CANADIAN WRITER Karen Tulchinsky is perhaps best known to American readers for her erotic short fiction, but this sprawling family drama will change her reputation entirely. The Five Books of Moses Lapinsky is a fully engaging, compulsively readable stroll—sometimes a race—through the mean streets of Depression-era Toronto with the Lapinsky brothers. It’s told by Moses Nino Lapinsky, a late-middle-aged history professor and an openly gay man. His uncle, also gay, was the highly decorated Canadian war hero Lenny Lapinsky. Moses sets each of the five main sections of the novel in historic context, then lets his family members speak for themselves.
It’s apparent that Tulchinsky listened very closely to the stories her elders told her about life in “the dirty thirties,” as that era was sometimes called in Canada. I should know: all her characters lived on the exact same streets, went to the same stores, and attended the same high school as my mother and her family. There are four Canadian-born sons of Yacov and Sophie Lapinsky: Sid, the stable, sensible one; Sonny, who becomes a world boxing champion (and is the father of Moses Nino Lapinsky); Lenny, who can be “read” as gay almost immediately; and Izzy, the youngest.
The whole family feels intense guilt and responsibility for Izzy, who was severely beaten and left permanently brain damaged by rioters at Christie Pitts, a recreational park, in 1933. This horrifically violent event, well-documented in Canadian history, set Canadian Nazi youths against Jewish youths. Toronto police were ineffectual at breaking up the fights. One of the youths who was involved in Izzy’s beating ends up in the Canadian Army and, in the sort of coincidence that novels are built upon, becomes a friend of Lenny, who did well in the Army. No sexual contact actually takes place between the two men—except, that is, in Lenny’s mind. Lenny had been a bookworm, a dreamer, a frequent patron of the public library, mentored by a rather dashing 25-year-old man who worked there and took serious interest in Lenny’s choice of literature. Lenny became a proofreader at a local Yiddish newspaper, but when his mentor suddenly moved away, Lenny, “lost and alone,” enlisted in the Army. Tulchinsky’s vivid descriptions of his wartime experiences, at once touching and terrifying, ring true, and it’s apparent that she relished working on a topic so very different from what she’s previously written.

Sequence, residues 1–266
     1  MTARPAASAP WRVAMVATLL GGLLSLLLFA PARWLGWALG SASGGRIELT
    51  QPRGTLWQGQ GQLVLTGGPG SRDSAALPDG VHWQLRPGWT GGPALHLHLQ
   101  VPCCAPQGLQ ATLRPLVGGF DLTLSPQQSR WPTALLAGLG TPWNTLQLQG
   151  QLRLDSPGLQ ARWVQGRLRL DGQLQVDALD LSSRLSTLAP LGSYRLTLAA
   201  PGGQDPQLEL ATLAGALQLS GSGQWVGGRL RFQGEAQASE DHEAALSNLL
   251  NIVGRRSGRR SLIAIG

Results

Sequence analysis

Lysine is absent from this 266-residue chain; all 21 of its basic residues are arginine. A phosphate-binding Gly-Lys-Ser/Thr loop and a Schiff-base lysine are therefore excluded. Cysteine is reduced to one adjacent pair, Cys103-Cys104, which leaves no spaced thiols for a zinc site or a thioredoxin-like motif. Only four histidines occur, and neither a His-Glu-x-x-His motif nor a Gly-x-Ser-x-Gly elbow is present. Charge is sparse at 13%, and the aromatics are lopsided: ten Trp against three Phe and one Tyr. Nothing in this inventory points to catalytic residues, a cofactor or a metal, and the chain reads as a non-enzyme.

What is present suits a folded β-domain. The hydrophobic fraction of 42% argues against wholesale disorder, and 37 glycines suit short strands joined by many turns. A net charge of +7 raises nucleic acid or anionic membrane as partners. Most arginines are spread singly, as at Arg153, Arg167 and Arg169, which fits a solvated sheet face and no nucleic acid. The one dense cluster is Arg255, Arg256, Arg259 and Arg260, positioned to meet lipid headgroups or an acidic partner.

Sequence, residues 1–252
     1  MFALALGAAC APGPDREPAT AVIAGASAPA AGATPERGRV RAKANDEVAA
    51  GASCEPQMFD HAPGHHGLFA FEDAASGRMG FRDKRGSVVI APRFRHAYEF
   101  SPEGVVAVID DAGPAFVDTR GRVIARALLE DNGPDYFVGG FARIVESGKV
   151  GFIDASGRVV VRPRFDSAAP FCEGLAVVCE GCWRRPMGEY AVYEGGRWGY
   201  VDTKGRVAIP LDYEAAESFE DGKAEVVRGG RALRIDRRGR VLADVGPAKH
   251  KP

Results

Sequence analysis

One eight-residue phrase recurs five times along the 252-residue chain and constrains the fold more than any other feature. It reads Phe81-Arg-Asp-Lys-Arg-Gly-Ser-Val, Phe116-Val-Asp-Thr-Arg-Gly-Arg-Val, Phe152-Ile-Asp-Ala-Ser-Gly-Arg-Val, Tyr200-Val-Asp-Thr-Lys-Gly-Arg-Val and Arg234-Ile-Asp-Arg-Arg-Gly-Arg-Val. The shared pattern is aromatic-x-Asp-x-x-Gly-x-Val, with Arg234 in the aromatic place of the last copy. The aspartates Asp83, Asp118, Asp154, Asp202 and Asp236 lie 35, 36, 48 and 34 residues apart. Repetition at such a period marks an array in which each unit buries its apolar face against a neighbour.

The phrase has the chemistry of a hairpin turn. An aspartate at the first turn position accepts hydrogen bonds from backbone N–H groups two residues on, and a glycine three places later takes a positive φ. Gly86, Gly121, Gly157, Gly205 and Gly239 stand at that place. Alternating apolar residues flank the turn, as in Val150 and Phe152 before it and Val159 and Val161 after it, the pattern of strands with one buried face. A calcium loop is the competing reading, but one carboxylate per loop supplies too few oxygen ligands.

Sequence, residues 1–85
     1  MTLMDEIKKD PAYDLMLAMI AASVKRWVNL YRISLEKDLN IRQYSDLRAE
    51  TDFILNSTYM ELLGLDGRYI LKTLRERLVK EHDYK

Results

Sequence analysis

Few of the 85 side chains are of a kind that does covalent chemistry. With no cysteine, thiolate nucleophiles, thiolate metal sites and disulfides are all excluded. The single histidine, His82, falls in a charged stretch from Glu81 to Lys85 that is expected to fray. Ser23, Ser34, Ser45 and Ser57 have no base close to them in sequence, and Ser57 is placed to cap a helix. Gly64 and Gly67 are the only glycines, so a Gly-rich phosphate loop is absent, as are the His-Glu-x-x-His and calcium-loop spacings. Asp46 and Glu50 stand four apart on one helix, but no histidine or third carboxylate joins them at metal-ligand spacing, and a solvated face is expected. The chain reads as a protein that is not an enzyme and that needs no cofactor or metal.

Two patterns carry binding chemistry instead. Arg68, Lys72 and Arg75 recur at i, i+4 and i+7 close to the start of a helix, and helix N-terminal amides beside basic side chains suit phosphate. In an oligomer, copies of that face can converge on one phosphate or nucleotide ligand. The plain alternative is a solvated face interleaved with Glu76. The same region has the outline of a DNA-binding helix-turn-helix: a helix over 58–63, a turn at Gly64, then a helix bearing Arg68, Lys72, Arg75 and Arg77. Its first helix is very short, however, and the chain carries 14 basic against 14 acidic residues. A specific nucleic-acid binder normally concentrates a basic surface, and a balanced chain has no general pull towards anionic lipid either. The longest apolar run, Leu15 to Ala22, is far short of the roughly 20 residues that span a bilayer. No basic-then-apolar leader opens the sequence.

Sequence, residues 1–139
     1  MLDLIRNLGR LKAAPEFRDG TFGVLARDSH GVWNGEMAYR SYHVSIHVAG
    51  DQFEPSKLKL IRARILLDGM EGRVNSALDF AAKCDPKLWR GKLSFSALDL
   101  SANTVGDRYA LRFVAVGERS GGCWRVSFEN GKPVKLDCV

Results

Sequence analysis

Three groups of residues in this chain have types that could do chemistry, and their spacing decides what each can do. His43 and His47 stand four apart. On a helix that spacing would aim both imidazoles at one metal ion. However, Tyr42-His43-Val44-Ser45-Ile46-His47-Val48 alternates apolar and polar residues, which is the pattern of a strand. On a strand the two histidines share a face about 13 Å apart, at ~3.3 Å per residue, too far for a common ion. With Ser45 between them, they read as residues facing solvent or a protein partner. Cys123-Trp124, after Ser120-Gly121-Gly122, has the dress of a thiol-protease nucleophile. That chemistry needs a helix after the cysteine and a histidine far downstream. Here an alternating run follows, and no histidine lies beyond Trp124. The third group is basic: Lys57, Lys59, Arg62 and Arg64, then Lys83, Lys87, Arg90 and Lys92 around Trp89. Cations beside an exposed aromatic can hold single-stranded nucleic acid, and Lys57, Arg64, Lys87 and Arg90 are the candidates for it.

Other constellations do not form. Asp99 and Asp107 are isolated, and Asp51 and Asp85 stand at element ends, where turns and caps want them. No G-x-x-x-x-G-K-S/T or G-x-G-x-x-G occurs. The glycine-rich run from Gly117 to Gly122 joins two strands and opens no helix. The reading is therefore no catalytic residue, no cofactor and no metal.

The many plots and subplots of this longish novel—Sonny’s life as a gangster, his marriage to a shiksa (non-Jew), his father Yacov’s unwillingness to accept the mixed marriage and Sophie’s secret efforts to see her grandchildren; Sid and his saintly wife Ruthie’s struggle with infertility; Sophie’s undying love for her sons and her incessant worries about where the next nickel for a loaf of bread will come from; Yacov’s efforts (with his cousin Max) to keep the family business, a discount shop, afloat—are thoroughly dissected, sometimes more than once and from differing viewpoints. There is a final chapter in which the plot lines are tied together, although an argument could be made for integrating the disparate stories a bit earlier in the book.
For all its length, the novel never becomes tedious, in large part because Tulchinsky develops each character as a fully realized person. While there is the occasional stilted passage, and a few scenes of shtetl life in Yacov’s childhood home in the Pale of the Settlement sound a little too much like Fiddler on the Roof, this is a very ambitious novel that succeeds in recounting a family saga through a fascinating and important period in Candadian history.